I have really enjoyed using Craft the past few days. I tried using Notion a couple of times in the past but it never worked for me. Same with Evernote and Bear, I could never stick with them long term. I have always preferred folders for organization and tag based Note systems always caused me a lot of mental stress. Craft being a folder based system is what drew me to it after reading MacStories review. I downloaded it, thought this looks nice, and didn’t use it and deleted it.
I am reading through The Bible and wanted something to take and store notes in. I started out in Drafts, one of my most used apps but wasn’t entirely happy with it for that purpose. I reread MacStories review of Craft and decided to dive in again. I’m glad I did because Craft feels like home, even in the short time I’ve been using it.
In addition to the Bible study notes mentioned above, I am using Craft to keep track of books I want to read with links to the books on Amazon or Apple Books. As I was working on this post, I read Chris Hannah’s post on using Craft to write blog posts and laughed a little because my thoughts mirror his, except for him using Ghost. If I post something to Micro.blog, I’ll export it to Drafts and post it. If I post something to my Blot site, I can export the markdown file directly to the appropriate folder in Dropbox. If a post needs photos I use shortcuts to upload the photos to either my Blot assets folder or Micro.blog. Both shortcuts resize the image, and copy the markdown image link to the clipboard. Here is the shortcut for Blot and here is the shortcut for Micro.blog.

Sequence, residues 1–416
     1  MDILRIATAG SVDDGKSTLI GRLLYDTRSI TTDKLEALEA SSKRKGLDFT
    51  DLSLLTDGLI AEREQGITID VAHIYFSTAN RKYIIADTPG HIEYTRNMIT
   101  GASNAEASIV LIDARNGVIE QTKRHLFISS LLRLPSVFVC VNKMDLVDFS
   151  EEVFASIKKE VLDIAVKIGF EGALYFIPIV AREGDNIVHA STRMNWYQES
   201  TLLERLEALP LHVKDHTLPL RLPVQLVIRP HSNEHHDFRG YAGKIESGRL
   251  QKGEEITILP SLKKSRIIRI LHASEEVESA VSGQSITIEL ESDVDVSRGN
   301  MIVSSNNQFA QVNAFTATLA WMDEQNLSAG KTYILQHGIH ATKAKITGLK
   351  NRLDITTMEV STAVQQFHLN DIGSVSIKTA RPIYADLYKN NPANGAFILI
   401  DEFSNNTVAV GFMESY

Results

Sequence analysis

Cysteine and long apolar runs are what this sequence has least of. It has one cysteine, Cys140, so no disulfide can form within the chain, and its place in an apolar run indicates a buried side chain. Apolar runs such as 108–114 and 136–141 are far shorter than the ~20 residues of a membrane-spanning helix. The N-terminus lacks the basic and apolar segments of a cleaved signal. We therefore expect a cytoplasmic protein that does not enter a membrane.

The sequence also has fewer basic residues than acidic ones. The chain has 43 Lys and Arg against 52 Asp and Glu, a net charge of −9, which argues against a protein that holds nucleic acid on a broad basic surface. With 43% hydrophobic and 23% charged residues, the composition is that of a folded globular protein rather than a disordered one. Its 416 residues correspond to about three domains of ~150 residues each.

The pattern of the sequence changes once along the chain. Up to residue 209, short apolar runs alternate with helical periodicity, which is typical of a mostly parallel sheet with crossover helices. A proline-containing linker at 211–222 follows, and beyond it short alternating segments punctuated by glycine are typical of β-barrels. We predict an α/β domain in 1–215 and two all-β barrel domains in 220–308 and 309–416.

Craft is easily my favorite notes I have ever used. I always thought because of my job, I didn’t need a dedicated notes app other than Drafts but Craft has changed my mind.
If I did everything correctly (fingers crossed), any replies to this post and future posts on Micro.blog will show up below).
This is a quick post to show how easy it is to publish to Blot with Draft.
I have been using an iPad Mini 2 since it was first released in 2013. I liked the size of it and it fits my needs as a content consumption device perfectly but it was starting to show it’s age. It had 16 GB of storage, so practically none, and was stuck on iOS 12. I thought about replacing it last year with the iPad 7 but wasn’t happy about the iPad 7 using the A10 processor which was three years old at the time. I also thought about the iPad Air but couldn’t afford it at the time nor could I justify the extra cost when the base iPad would fit my needs just fine.
I starting getting excited when I started seeing rumors about an update to the iPad lineup this year. I had started leaning towards getting the iPad Air if the rumored updates didn’t come to fruition but held off and I’m glad I did. I love the look and design of the new iPad Air 4 but went with the iPad 8. The A14 processor sounds really interesting but the A12 in the iPad 8 will serve me just fine for the next few years. I also bought a Logitech K480 keyboard which I am loving. I had purchased a small foldable keyboard with trackpad but the key layout was really weird (no command key to the left of the space bar) and couldn’t get used it. I may get a Smart Keyboard at some point but I think the K480 will serve me just fine. Now comes the hard part of learning the keyboard shortcuts of my most used apps.
I first heard about Hey when David Heinemeier Hansson and Jason Fried started teasing it on Twitter earlier this year and was immediately intrigued. I’ve been a very happy Fastmail customer for years now but liked what I was hearing about Hey and knew I was going to try it out.
I used Hey for a few days and then stopped using it. After I stopped using Hey is when I realized that my current email workflow (or lack thereof) wasn’t working for me and was causing me a lot of mental stress. Instead of trying to recreate Hey’s features (Screener, The Feed, and Paper Trail) in Fastmail, I decided to go all in on Hey.
These are some of the articles and video that helped me to better understand Hey. Josh Ginter’s review at The Sweet Setup, Matt Birchler’s video on his excellent YouTube channel A Better Computer, and a few articles by William Porter at Rucksack.tech